• Douglas #7 – There was also one shooter using a Douglas #7 contour, which is a little different than all the rest listed here. I believe it is similar to a Light Varmint contour, with a 1.2” diameter at the chamber and a target taper to 0.875” at the muzzle. However, it is only 3” before it starts to taper on the shank, where the Light Varmint contour is typically 5” before it tapers.

However, if you just look at the shooters who ended up in the top 20, you can see the top shooters were clearly preferred heavier barrels, which both Heavy Palma and MTU barrels being the most popular. 66% of the shooters surveyed who knew their barrel contour were using either a Heavy Palma or MTU barrel.

Best Barrel Contour

What is interesting is although there were more people running Medium Palma barrels than any other, only 15% of those ended up in the top 20. Compare that with the fact that 67% (6 of 9) of the shooters running an MTU barrel ended up in the top 20! Heavy Palma also had a good representation, with 50% (6 of 12) of the shooters running a Heavy Palma ending up in the top 20.

There is certainly a question about whether that is correlation or causation, which essentially is just saying did those shooters place higher because they were using heavier barrels … or did the best shooters happen to be using heavier barrels. You’d likely need random sampling and a larger sample size to be able to answer that definitively, so I’ll leave it up to you guys to debate. Regardless of how much it impacted the results, one thing is undeniable: in 2014 the best precision rifle shooters in the country are choosing Heavy Palma and MTU barrels.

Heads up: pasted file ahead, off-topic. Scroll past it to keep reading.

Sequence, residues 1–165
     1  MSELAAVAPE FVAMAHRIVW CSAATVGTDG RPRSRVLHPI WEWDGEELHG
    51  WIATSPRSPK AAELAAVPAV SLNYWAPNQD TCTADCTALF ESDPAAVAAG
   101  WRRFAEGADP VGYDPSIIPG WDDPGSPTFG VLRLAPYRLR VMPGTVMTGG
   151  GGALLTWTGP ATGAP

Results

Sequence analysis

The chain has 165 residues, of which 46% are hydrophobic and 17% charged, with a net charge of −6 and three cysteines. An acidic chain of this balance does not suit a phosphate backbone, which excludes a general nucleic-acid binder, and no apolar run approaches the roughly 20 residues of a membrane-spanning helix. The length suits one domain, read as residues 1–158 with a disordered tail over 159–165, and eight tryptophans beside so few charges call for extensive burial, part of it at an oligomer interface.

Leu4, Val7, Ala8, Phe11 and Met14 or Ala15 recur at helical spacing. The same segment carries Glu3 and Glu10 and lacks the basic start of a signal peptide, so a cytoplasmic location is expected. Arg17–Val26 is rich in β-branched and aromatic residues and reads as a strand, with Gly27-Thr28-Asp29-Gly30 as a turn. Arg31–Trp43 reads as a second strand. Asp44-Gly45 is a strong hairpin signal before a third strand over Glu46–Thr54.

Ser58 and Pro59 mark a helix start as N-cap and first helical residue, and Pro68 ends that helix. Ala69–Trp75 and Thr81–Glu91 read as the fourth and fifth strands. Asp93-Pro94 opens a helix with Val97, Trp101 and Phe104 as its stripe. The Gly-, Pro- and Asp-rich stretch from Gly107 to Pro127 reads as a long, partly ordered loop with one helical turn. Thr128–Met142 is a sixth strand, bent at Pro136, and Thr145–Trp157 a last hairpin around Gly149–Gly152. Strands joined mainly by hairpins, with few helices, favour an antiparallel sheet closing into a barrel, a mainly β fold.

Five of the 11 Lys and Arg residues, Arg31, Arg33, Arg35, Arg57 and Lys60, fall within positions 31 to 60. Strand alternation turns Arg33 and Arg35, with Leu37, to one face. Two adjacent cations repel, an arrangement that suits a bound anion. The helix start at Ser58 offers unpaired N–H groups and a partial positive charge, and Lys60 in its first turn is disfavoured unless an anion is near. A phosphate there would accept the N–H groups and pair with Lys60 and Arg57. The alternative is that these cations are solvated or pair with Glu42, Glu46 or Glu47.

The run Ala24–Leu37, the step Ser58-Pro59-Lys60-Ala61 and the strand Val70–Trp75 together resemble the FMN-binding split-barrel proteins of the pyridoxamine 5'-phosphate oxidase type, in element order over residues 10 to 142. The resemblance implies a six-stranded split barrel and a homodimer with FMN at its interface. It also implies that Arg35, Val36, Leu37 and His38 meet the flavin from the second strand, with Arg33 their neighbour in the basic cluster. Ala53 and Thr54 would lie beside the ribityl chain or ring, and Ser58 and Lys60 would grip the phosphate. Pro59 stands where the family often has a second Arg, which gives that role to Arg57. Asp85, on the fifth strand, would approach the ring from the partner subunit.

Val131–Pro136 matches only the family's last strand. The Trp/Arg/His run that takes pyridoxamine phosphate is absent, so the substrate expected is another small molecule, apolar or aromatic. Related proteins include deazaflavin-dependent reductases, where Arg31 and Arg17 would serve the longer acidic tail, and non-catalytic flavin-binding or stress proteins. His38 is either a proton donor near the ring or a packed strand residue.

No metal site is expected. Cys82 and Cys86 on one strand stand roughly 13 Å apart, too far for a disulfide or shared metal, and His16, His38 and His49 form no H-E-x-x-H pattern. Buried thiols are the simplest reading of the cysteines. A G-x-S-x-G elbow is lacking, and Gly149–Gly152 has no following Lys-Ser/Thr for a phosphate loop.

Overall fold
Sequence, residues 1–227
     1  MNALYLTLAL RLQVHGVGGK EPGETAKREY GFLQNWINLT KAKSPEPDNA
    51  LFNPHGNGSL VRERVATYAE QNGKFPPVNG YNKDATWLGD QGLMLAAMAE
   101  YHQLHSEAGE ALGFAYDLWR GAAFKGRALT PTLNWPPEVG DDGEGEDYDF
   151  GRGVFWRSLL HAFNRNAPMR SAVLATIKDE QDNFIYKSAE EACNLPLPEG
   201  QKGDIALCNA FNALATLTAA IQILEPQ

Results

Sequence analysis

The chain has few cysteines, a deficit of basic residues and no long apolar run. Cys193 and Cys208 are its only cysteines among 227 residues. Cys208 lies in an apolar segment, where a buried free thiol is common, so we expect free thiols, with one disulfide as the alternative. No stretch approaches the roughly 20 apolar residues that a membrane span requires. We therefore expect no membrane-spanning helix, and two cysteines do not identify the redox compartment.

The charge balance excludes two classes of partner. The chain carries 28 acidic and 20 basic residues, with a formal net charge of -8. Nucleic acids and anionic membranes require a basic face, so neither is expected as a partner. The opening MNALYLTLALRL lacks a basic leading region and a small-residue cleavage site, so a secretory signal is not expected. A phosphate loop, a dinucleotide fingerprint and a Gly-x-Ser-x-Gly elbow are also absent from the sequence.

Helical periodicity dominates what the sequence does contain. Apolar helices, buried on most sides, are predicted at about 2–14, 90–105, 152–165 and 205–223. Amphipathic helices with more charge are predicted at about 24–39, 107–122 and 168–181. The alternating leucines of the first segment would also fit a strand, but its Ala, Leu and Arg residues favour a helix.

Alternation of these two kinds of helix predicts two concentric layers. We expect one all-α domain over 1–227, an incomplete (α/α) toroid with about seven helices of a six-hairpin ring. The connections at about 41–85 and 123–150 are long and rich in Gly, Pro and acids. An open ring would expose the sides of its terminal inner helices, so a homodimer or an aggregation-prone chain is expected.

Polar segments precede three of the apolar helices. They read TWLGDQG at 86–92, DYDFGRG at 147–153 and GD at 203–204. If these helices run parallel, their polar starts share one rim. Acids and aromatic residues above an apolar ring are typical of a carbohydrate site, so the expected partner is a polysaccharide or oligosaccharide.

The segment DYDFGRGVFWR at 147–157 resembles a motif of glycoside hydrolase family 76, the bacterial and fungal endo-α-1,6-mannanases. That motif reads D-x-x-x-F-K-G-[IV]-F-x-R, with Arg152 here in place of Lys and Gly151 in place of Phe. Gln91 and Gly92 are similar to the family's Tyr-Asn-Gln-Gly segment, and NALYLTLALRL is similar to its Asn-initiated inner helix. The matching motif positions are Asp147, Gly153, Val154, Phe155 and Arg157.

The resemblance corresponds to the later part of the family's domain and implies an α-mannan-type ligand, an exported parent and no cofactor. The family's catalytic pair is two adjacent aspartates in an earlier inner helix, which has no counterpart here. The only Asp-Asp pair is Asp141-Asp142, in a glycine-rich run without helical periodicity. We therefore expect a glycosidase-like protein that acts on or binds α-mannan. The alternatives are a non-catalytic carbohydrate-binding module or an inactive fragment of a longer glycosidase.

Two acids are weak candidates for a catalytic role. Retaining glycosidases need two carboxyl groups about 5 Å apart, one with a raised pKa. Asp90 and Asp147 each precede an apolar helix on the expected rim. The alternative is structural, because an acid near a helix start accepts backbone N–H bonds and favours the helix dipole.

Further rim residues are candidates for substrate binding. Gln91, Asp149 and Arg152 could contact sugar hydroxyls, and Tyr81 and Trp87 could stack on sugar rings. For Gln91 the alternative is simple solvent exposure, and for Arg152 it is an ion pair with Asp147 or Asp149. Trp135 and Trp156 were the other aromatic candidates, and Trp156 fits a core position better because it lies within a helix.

Barrel Contour

Note: Although most of the contours dimensions are the same among all the manufacturers, that might not always be the case. The contours shown are for Bartlein barrels. I did notice the cylinder section at the breech of the Palma Contours varied some for the Krieger barrels (Krieger’s was 1/2″ shorter than what is shown here). There may be other minor variances among manufacturers.

Rifle Barrel Length

Another question I asked on the 2014 year-end survey is what barrel length each shooter was running. They were all between 22 and 28 inches, with the lions share at 26 inches.

Rifle Barrel Length

About 3 out of every 5 shooters were using a 26 inch barrel. Then 1 out of 5 shooters was using a 24 inch barrel, and the other 1 out of 5 was an outlier with a more exotic barrel length (essentially anything but 24 or 26).

But as I was looking at this data, I thought it might be more helpful to look at the most popular barrel lengths by cartridge, and not just overall. So here are the most popular cartridges used by these shooters, along with the number of barrels used for each one. To learn more about the most popular cartridges, check out the first post in this series, which is focused on that topic.

Rifle Barrel Length By Cartridge

You can see in the chart above that 26” barrels seem to be pretty popular, regardless of the cartridge. There are only a couple cartridges that were more evenly split among different lengths. One interesting thing I noticed was that out of the 6 shooters running a 6×47 Lapua, none of them were using a 26 inch barrel. That was the only one of these cartridges where a 26” barrel wasn’t one of the most popular choices. However, that is a small sample size and shouldn’t be seen as a consensus that a 26” barrel wouldn’t work well for that cartridge.

Barrel Fluting

Okay, I also wanted some hard data on a historically heated topic: Where these guys running a fluted barrel or did they opt for no flutes?

Barrel Fluting